Train Worker Notices Elderly Man’s Hat, Immediately Walks Right Up To Him With His Hand Out

Updated June 12, 2017

Along the east coast, Amtrak is one of the best ways to travel. The seats are roomy, they are inexpensive, and you get to see some of the best views in America. And, for one elderly veteran at least, the service is beyond compare. You are going to love this story about a young Amtrak worker and a World War II vet.

While passengers were awaiting a redeye train to Baltimore, Maryland from New York’s Penn Station recently, a young Amtrak employee spotted an elderly man in the crowd wearing a distinctive baseball cap.

The Amtrak employee drew closer and saw that the man’s cap said “USN, Armed Services, WWII Veteran.”

The young man, identified as Dwayne, walked up to the elderly man to let him know how honored he was that the veteran would be on his train that evening.

The elderly man, identified as a ninety nine year old named Ed, was headed home to Baltimore. In addition to his baseball cap, he also wore a sign around his neck, notifying others that he was hearing impaired.

Dwayne made sure to speak as clearly as possible so that Ed could understand what he was saying. The Amtrak employee ushered the old man to the front of the boarding line, and then signaled to some of his coworkers to come over and meet the veteran.

The train crew came over and shook Ed’s hand and then led the crowd gathered in the boarding area in a round of applause for Ed’s service during one of the world’s darkest moments.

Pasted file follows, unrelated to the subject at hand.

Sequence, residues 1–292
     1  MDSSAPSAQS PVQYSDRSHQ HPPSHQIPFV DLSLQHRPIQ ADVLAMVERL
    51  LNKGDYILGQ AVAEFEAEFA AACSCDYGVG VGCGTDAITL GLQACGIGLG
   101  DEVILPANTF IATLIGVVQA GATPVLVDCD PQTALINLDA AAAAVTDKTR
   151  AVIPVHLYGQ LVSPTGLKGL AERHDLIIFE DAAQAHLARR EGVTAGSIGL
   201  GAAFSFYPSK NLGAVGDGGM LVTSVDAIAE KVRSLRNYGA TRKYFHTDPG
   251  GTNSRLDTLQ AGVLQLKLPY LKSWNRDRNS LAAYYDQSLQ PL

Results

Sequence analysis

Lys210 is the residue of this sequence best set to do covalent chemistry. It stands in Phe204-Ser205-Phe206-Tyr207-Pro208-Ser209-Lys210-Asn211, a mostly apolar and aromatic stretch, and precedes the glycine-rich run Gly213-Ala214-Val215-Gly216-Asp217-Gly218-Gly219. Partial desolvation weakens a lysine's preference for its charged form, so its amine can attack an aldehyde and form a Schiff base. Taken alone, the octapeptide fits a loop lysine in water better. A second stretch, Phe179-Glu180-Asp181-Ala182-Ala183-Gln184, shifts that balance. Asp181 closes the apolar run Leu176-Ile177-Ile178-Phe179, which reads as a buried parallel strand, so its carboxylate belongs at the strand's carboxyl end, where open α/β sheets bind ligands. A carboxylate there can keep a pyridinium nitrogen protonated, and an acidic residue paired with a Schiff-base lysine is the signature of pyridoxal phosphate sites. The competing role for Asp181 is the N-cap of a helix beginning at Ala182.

Dwayne, who is currently in the reserves, then said to Ed “My man, thank you so much. You paved the way for me.”

When the train pulled into Penn Station, Dwayne helped Ed down the escalator to the boarding platform so that the veteran could be first to board the train.

The look on Ed’s face as Dwayne and the rest of the Amtrak crew offered their thanks is priceless.
By the end of World War II, more than three million three hundred thousand men served in the US Navy. About thirty eight percent of all who served volunteered, while about sixty percent were drafted. Almost seventy percent of all men who served during the war found themselves overseas.

Prior to the mid 1930’s, the US Navy was not considered to be among the strongest or best in the world, however, by August of 1945, our country had established itself as the primary Naval power on Earth, a distinction we hold to this day. During that war, the US produced more than twelve hundred combat vessels, including twenty seven aircraft carriers and eight battleships. In fact, by war’s end, more than seventy percent of the total tonnage of naval vessels in the world belonged to the United States.

During the war, the United States Navy was the primary Allied force in the Pacific theatre and engaged the Japanese Imperial Navy in six major battles, including Pearl Harbour, the battle of the Coral Sea, the battle of Midway, the battle of the Philippine Sea, the battle of Leyte Gulf, and the invasion of Okinawa.

Have you ever thanked a World War II vet for their part in defeating the Axis Powers? Do you know a vet personally? Share your thoughts and stories with us here.